DENVER — Artturi Lehkonen knew right where to go, as if he’d known Mikko Rantanen since they were kids.
Which he had.
“We grew up together, basically,” Lehkonen said.
It was Game 1 of the Stanley Cup Final at Ball Arena on Wednesday night. The Colorado Avalanche had a one-goal lead against the Tampa Bay Lightning and a 5-on-3 power play late in the first period.
As forward Gabriel Landeskog sent the puck from behind the goal line to the top of the right circle, Lehkonen crept from the left corner to the left side of the net.
Head up, spotting his old buddy on the back door, Rantanen slid a pass between the legs of Lightning penalty-killer Pierre-Edouard Bellemare to the blade of Lehkonen’s stick.
Lehkonen tapped the puck past the right pad of goalie Andrei Vasilevskiy to give the Avalanche a 3-1 lead at 17:31.
Perfect place at the perfect time, in more ways than one.
The Avalanche went on to win 4-3 in overtime and take a 1-0 lead in the best-of-7 series. Game 2 is here on Saturday (8 p.m. ET; ABC, ESPN+, CBC, SN, TVAS).
“Yeah, it’s special, for sure,” Rantanen said. “You probably would have not [thought], like, 12 years ago when we played in the hometown team together that in 2022 we would be in the finals playing for the Stanley Cup.”
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Lehkonen and Rantanen are from Turku, Finland. Lehkonen, now 26, is about a year older than Rantanen, and he said they didn’t play together often. But he said they have known each other since they were about 10, and they played together in some tournaments growing up and for Finland at the 2015 IIHF World Junior Championship.
When the Avalanche were looking to bolster their lineup before the 2022 NHL Trade Deadline, general manager Joe Sakic got a scouting report on Lehkonen from Rantanen.
“Yeah, I think we had a little chat,” Rantanen said. “I can’t remember exact how it went, but I think they asked for sure what kind of guy [he is], and I said he’s a bad guy.”
“Just kidding,” he continued. “No, I told them right away he’s a great guy and he could help our team a lot in the locker room and especially on the ice.”
Sakic thought Lehkonen would be a good fit for the Avalanche in multiple ways, giving them flexibility, grit, speed, scoring — all things they could use to make a deep playoff run.
“Versatile player, can play on any line,” Sakic said. “We were looking that one type of player who could do that. He’s competitive. He fast.”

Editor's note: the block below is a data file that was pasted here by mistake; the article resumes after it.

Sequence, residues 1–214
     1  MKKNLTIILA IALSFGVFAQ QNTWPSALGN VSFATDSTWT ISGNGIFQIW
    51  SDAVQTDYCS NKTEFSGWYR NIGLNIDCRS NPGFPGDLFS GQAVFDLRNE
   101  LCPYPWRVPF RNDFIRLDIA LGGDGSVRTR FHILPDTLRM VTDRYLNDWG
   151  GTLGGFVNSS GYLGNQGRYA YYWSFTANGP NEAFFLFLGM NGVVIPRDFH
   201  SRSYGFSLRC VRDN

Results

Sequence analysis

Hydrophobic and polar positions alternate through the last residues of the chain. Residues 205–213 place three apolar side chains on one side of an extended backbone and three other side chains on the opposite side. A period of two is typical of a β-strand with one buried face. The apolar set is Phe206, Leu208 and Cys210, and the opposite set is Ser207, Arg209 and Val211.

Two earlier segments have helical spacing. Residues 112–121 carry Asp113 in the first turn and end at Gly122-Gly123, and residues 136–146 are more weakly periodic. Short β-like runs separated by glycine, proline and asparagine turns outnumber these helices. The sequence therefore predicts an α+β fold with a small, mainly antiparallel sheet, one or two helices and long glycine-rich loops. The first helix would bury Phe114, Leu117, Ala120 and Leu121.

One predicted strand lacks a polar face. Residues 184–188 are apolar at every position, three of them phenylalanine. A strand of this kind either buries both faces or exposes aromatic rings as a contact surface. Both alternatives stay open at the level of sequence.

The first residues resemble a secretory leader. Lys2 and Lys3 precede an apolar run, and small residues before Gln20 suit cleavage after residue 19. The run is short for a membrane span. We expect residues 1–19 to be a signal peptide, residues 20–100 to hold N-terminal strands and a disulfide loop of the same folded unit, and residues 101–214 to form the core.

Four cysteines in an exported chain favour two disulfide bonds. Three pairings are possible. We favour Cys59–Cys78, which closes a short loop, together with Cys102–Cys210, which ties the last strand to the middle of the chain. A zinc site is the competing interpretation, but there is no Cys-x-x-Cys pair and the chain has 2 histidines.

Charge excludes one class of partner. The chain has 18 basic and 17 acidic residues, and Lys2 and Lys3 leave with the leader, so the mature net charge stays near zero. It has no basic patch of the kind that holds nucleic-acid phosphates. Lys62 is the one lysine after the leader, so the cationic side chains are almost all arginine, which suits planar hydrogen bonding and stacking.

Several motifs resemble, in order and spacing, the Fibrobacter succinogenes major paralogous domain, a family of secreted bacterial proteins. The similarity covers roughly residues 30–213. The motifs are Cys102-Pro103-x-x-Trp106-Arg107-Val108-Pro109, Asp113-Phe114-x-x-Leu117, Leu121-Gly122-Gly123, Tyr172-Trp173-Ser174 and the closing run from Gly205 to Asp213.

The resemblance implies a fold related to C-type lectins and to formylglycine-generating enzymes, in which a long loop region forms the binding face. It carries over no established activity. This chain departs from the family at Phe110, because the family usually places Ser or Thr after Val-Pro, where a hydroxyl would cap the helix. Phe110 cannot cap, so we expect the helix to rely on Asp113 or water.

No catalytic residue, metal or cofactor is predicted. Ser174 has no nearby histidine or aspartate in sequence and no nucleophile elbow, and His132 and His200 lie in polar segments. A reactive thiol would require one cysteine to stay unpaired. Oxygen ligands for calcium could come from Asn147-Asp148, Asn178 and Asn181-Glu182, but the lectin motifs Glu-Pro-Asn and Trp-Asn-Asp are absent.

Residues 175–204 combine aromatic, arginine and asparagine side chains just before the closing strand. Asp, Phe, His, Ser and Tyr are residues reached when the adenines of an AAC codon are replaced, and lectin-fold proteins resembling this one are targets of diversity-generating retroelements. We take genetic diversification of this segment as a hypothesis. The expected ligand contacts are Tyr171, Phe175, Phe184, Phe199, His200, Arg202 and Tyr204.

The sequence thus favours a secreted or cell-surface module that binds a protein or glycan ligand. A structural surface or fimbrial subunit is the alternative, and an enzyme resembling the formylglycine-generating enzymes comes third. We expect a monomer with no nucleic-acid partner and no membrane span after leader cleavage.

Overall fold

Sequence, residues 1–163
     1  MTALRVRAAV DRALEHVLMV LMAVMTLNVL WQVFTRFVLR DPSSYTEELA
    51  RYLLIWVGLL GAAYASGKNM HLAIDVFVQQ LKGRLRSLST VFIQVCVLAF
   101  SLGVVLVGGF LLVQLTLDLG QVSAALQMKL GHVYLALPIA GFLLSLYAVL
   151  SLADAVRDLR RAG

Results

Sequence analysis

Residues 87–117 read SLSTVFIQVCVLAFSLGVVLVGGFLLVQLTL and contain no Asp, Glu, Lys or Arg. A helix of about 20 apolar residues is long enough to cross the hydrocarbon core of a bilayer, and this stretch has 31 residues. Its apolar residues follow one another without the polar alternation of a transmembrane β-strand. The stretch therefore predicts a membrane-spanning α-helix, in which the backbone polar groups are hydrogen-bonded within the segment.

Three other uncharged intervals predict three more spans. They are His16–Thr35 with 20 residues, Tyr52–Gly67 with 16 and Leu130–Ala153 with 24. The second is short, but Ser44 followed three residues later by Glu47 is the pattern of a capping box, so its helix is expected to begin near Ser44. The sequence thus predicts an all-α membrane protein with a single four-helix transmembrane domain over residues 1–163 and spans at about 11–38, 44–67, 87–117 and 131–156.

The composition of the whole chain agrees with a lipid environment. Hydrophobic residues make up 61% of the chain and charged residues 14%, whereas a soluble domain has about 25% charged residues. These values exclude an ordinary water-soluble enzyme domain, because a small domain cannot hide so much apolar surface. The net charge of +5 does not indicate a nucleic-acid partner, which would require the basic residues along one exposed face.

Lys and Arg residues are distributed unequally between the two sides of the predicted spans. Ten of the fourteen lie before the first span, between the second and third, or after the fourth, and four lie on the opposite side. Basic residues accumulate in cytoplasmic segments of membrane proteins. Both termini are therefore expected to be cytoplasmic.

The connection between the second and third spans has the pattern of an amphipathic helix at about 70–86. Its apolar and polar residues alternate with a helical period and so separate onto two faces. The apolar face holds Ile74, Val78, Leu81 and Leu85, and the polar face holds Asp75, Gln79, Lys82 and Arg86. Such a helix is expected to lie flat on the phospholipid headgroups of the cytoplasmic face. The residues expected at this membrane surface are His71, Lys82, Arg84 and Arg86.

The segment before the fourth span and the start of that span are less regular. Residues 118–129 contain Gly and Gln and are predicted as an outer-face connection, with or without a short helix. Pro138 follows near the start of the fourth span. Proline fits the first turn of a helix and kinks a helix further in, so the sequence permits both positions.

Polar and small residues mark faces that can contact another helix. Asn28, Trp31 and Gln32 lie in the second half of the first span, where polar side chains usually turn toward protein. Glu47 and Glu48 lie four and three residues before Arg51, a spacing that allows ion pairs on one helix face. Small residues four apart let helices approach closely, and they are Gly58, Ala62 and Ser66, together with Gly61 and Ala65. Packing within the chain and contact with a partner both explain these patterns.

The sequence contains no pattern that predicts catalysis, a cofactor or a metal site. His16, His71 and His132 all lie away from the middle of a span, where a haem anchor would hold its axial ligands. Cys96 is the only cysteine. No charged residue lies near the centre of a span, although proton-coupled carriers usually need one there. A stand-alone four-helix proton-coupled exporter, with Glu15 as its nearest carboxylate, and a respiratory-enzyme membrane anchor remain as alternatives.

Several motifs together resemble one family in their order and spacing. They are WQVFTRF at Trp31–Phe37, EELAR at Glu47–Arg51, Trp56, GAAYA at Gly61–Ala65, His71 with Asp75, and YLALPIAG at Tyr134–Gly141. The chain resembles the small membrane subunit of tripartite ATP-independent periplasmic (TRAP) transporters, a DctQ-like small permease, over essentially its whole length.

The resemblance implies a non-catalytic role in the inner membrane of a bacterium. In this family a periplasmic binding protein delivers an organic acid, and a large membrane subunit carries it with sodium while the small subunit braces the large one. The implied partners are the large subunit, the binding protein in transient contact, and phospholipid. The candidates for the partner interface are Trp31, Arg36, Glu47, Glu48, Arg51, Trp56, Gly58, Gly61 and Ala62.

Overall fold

Lehkonen was preparing to play for the Montreal Canadiens against the Boston Bruins on March 21 when he learned he had been traded to the Avalanche for a second-round pick in the 2024 NHL Draft and defenseman prospect Justin Barron.
Video: TBL@COL, Gm1: Lehkonen re-takes 2-goal lead on 5-on-3
The Canadiens didn’t necessarily want to trade Lehkonen; Lehkonen didn’t necessarily want to leave Montreal. But the Canadiens received a good return, and if Lehkonen could have picked anywhere he wanted to go, it would have been Colorado.
“It was an interesting day for sure,” Lehkonen said. “I was just taking my pregame nap, and then I got a call, and I was just like, ‘OK, I guess I’ve got to get packing,’ basically. But yeah, it’s an exciting time to get another shot at the Stanley Cup.”
Lehkonen had 149 points (74 goals, 75 assists) in 396 regular-season games and 12 points (six goals, six assists) in 33 Stanley Cup Playoff games with the Canadiens from 2016-22, including perhaps the biggest goal in Montreal in almost three decades.
It was Lehkonen who scored the series-clincher in overtime of Game 6 of the NHL Semifinals against the Vegas Golden Knights at Bell Centre last year, putting the Canadiens in the Cup Final for the first time since 1993.
They ended up losing to the Lightning in five games in the Cup Final.
Lehkonen had nine points (six goals, three assists) in 16 regular-season games for Colorado. Now he has 12 points (seven goals, five assists) in 15 playoff games, including perhaps the biggest goal for Colorado in more than two decades.
It was Lehkonen who scored the series clincher in overtime of Game 4 of the Western Conference Final against the Edmonton Oilers at Rogers Place on June 6, putting the Avalanche in the Cup Final for the first time since 2001. Now he gets another shot against the Lightning in the Cup Final.
“Yeah, it was pretty funny, to be honest,” Lehkonen said. “It was nice to get that goal, for sure, and get us to the finals. Hopefully this time around we’re going to take the Cup.”
Three more wins, and Lehkonen and Rantanen can take it back to Turku together.
“It’s special to have a close friend like that,” Rantanen said.